The last decade has been characterized by great efforts in the analysis of legal institutions to explain the economic performance of nations. For instance, La Porta, Lopez-de-Silanes, Shleifer and Vishny (hereafter LLSV) have produced empirical papers analyzing the importance of legal origin (LLSV, 1998) and its implication on corporate governance (LaPorta et al., 2000 and LaPorta et al., 2002) to justify international differences in financial development. These papers show that the Anglo-Saxon, French, German or Scandinavian legal origin to which a country belongs, the contents of laws and the quality of law enforcement influence not only the degree of investors' protection, but also the performance of capital markets. Their empirical studies depict a situation in which common law countries provide stronger protection for investors compared to civil law countries. This feature may help explain why common law countries have more developed financial markets, more concentrated ownership and higher equity returns than civil law countries. Levine (2004) extends the analysis to the banking system, noting that countries with more stringent enforcement of contracts and closer creditor protection are also those with more developed banking systems and higher economic growth rates. Rajan and Zingales (1998) employ a cross-country statistical approach and show a positive correlation between the legal tradition and the growth of firms dependent on external financing. One might derive that these studies converge with Posner's hypothesis that common law evolves towards efficiency. Implicitly, these results also contribute to the idea that civil law might be less efficient.1 Beside academics, there is also wide consensus among politicians and members of international organizations concerning the determinant role of legal institutions for the wealth of nations. For example, the Doing Business Report (World Bank, 2006) states that “although the importance of macro-economic policies cannot be denied, there is an ever-widening consensus today concerning the determining role of the quality of the laws and rules governing business and that of the institutions responsible for applying them”. Altogether, nations receive signals that may influence their decisions to change their legal setup.2 These developments raise an important question. Should countries with weaker economic performances copy the legal system of nations with better results? The paper aims to demonstrate that the answer is not obvious. In that respect, it is not the first one to point out some weaknesses in the LLSV approach. In particular, empirical methods have frequently been criticized (Roe, 2002 and Arrunada and Andonova, 2006). However, the theoretical channels from legal rules to economic outcomes received less attention. As comparisons between legal institutions are put forward, this prompts the search for a theory of legal competition. In order to focus on this question, we develop a simple model in which neither the allocation of factors has an influence (countries are identical) nor economic integration (there is no specialization), so that only the legal setup of countries plays a determinant role. To capture the importance of this setup, we consider an environment characterized by irreversible decisions in terms of physical and human capital investments. In such an environment, the legal structure affects the efficiency of the firm and by aggregation that of the entire economy. In the case of a closed economy, we identify the optimal legal framework that maximizes welfare by taking into account the organizational costs of firms. In the alternative case of an open economy, we study the effects of competition between legal orders. The European Union is a good example of the relevance of the topic. Capital is highly mobile between the different member states, and countries within the EU have quite different institutional settings. At the same time, there are efforts to increasingly harmonize institutions across the member states. In some fields this is done via central collective decision. In other fields, member states are supposed to converge in their policies and institutions through the open method of coordination. The latter method implies decentralized institutional and policy decisions at the national level. In that respect, our analysis relates to the broader debate of systems competition. The conclusions of that literature are contrasted. Some authors, in the tradition of Hayek and Schumpeter, advocate competition as a mean to induce efficiency (e.g. Mahoney, 2001 and Ogus, 2003). Others disagree claiming that systems competition would lead to a “race to the bottom”. For example, in the case of taxation, Mintz and Tulkens (1986) and Wildasin (1988) find that the Nash equilibrium in jurisdictional competition is generally non-optimal. Edwards and Keen (1996) show that, in a tax competition framework, welfare can be higher if Leviathan governments cooperate. Similar results are shown by Romano (2005) in the case of competition concerning corporate charters, by Fluck and Mayer (2005) for corporate governance, and Marceau and Mongrain (2004) for criminal law. Sinn (2003) summarizes the main arguments against systems competition arguing that it amounts to a reintroduction of the market by the back door. Applying the heuristic to the institutional design, the argument would be that in a well-functioning democracy the legal framework should have been structured to counter market failures. In such a setup, introducing legal competition would reintroduce the failures at the higher level of government decision. Our model analyzes the effects of economic integration on the (de)-regulation of labor markets in a Tiebout type model (see, Tiebout, 1956). It considers an economy where a good is produced by a firm using capital and labor supplied by a worker. Productivity can be increased by irreversible investments in physical capital and/or in human capital. Specifically, before the firm and the worker meet, they must decide how much to invest. The capital market is perfectly competitive whereas the labor market is not. Specifically, the wage is determined by Nash bargaining, where α represents the worker's share in the surplus. The worker's bargaining power α becomes the main variable of interest (Blanchard and Giavazzi, 2003). It is meant to capture the extent of labor market rigidities (unionization, laws and regulations) and α is determined by the government at a pre-stage prior to production. Variations in α affect the respective investment decisions. With respect to the choice of α, we distinguish between a benevolent welfare-maximizing government and a government that represents the worker's interests only. For each case, we consider in turn a situation under autarchy (a single country with no trade) and a situation of economic integration, represented by two countries among which capital is mobile. As far as the results are concerned, our paper concurs with Sinn provided that the political process is welfare-maximizing. In contrast, our conclusions change if we introduce the possibility of capture of the institutional design process by a grabbing hand.3 Altogether, the effects of legal competition crucially depend on whether the underlying political process responds to either market failures or rent-seeking activities. The remaining of the paper is organized as follows. In Section 2, we consider the relation between bargaining power and the law. Section 3 presents the model. The specificity of the model is that it leads to holdup problems because the respective parties must invest before they agree on a specific labor contract. In Section 4, we identify the first-best solution. Next, we derive in Section 5 the parties' investment decisions and solve the regulator problem in autarchy. In Section 6, we consider the result of legal competition with no capture of the political process. Following, we analyze the effects of capture by labor in Section 7. Finally, Section 8 offers some concluding remarks.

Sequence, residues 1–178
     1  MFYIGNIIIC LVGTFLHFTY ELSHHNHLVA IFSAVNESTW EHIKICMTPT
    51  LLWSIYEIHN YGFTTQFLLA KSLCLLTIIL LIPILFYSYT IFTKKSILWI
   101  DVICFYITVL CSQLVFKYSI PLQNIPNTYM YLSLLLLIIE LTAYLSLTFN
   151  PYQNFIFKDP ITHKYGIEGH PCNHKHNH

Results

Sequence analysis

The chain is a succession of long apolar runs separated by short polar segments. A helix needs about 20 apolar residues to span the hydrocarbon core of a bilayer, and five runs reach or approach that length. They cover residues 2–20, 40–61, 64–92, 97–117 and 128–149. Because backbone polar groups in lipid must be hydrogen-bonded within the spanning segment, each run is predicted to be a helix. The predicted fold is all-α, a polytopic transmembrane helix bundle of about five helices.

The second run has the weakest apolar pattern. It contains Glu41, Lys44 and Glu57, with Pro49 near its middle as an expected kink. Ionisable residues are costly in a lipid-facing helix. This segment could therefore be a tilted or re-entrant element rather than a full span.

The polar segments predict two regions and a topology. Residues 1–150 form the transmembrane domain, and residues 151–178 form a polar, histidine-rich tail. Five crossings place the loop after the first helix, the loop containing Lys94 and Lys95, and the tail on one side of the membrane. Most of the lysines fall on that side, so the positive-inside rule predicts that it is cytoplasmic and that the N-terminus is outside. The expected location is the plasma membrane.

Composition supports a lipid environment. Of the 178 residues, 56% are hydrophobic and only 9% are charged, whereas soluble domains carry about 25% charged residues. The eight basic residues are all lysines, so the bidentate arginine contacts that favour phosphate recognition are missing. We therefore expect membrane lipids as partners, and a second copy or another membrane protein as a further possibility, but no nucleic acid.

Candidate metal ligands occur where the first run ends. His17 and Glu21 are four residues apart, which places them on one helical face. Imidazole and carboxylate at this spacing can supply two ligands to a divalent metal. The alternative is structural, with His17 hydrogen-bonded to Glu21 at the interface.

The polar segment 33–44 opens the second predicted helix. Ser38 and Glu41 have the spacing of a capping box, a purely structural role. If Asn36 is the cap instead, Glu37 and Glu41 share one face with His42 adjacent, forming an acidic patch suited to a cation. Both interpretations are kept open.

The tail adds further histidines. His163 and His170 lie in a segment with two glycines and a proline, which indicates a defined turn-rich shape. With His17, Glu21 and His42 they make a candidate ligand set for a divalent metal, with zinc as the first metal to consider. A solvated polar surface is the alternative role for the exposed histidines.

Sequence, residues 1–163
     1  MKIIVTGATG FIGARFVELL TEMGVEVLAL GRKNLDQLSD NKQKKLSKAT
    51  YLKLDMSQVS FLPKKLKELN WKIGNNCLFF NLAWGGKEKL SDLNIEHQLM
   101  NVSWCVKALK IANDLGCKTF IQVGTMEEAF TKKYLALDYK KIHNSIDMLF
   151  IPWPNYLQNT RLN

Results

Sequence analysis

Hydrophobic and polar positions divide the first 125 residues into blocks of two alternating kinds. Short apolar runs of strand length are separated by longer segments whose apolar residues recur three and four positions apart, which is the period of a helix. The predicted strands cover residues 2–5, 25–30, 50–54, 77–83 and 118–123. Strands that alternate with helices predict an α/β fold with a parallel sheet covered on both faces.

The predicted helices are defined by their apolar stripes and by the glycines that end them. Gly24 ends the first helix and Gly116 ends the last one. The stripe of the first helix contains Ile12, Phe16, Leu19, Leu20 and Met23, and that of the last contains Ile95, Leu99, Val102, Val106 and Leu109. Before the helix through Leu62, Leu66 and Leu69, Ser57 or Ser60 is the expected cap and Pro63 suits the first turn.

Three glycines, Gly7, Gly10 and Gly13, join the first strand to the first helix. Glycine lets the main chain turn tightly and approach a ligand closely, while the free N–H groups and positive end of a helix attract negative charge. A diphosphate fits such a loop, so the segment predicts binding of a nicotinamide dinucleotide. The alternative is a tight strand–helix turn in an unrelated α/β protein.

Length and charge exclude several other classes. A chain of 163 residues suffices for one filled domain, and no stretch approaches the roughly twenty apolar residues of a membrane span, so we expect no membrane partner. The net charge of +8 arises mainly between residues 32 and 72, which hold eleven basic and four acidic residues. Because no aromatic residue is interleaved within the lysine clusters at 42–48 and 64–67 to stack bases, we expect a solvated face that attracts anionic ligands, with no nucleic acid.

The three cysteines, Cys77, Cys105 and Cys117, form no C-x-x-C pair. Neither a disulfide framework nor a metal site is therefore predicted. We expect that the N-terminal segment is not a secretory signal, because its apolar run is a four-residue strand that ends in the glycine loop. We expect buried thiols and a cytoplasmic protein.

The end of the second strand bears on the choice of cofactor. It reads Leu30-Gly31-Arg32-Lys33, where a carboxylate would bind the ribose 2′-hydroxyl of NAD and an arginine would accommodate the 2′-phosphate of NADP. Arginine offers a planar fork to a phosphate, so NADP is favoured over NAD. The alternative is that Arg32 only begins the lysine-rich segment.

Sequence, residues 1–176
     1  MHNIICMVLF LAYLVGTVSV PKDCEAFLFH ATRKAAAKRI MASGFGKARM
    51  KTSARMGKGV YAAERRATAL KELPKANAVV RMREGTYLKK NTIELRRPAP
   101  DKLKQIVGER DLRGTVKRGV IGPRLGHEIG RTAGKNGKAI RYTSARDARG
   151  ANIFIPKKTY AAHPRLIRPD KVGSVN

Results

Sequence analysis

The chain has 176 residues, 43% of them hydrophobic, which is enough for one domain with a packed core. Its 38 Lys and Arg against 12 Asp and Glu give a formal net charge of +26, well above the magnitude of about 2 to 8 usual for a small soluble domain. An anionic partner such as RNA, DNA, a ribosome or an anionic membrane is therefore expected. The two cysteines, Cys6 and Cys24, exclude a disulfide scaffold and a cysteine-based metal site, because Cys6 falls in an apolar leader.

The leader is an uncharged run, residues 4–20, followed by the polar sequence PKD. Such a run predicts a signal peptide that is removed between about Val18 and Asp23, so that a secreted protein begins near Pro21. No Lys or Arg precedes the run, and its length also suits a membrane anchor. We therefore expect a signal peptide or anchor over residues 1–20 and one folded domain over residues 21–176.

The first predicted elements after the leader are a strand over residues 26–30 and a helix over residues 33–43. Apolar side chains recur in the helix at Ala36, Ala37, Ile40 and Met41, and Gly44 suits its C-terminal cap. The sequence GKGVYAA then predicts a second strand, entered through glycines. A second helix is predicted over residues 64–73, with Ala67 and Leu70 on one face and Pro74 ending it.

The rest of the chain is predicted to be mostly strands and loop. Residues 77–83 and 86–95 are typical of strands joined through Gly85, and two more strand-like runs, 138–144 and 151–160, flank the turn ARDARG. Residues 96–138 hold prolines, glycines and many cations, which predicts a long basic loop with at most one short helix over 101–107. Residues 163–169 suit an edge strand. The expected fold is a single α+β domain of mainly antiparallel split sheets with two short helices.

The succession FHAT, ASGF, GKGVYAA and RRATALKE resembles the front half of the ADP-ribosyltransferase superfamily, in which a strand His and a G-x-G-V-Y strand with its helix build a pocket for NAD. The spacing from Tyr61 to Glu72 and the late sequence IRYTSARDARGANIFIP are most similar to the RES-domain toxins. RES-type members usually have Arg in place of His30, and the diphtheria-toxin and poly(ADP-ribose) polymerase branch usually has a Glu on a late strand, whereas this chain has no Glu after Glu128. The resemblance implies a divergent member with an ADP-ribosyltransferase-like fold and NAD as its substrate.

نتیجه گیری انگلیسی
This paper studies the effects of legal competition when the regulator may use institutional design for two different purposes: to reduce the inefficiencies of organizations and to attract some of the mobile factors. We show that the two objectives are not well-aligned. In particular, due to the prisoners' dilemma the countries cannot succeed in attracting the mobile factor. In this context, the nature of the political process is decisive. If the political process is efficient, legal competition undermines the institutional design. In contrast, with a capture by rent-seekers – specially by the immobile factor – we find that legal competition could improve economic efficiency. In our model, we assume incomplete contracts introducing two separate problems resulting from irreversibility of investments. The legal setup allocates bargaining power in order to balance the ensuing inefficiencies. Increasing the bargaining power of labor is useful because it guarantees that labor will have an incentive to invest in human capital. On the other hand, it reduces the firm's incentive to invest in physical capital. While analyzing these problems is appropriate, it is not the only way to create a link between economic efficiency and the legal and institutional design. For instance, one could analyze a situation as in Bental and Demougin (2006) substituting for the irreversibility of human capital investment a moral-hazard problem thereby affecting the trade-offs. More generally, any of the theories justifying the existence of firms based on market failures should also introduce a possibility of a legal and institutional design problem. We conjecture that all these design problems would lead to similar results. Thus, altogether, we concur with Sinn (2003) that legal competition is costly provided that the hand of the state is benevolent. At the other extreme, when the state is better described as a grabbing hand, legal competition may provide a powerful disciplining device, thereby forcing the underlying political decision mechanism to increase welfare. Whether the hand of the states is better described as benevolent or grabbing is an empirical issue, going beyond the scope of this paper. To conclude, we discuss possible extensions which go beyond the scope of the current exercise. For example, the paper uses a simple setup of two symmetric countries. Consequently, in autarchy, if the degree of capture is the same, both countries choose the same institutional setting. In reality, countries appear to have had rather different institutional structures before the advent of globalization. This could be justified by allowing different degrees of capture. An alternative could be to allow for different factor endowments. Such asymmetries may also provide interesting implications and empirical predictions as to which countries tend to adjust their institutional structures more strongly as we move from autarchy to an integrated situation. Moreover, it may help predict winners and losers of system competition. It may also be worth noting that there is a macroeconomic literature that addresses the change in labor's bargaining strength over time to explain the observed macro time series, see, among others, Blanchard (1997) and Caballero and Hammour (1998). It may be interesting to consider how the importance of international factors for the dynamic adjustment of institutional structures is evaluated in this literature.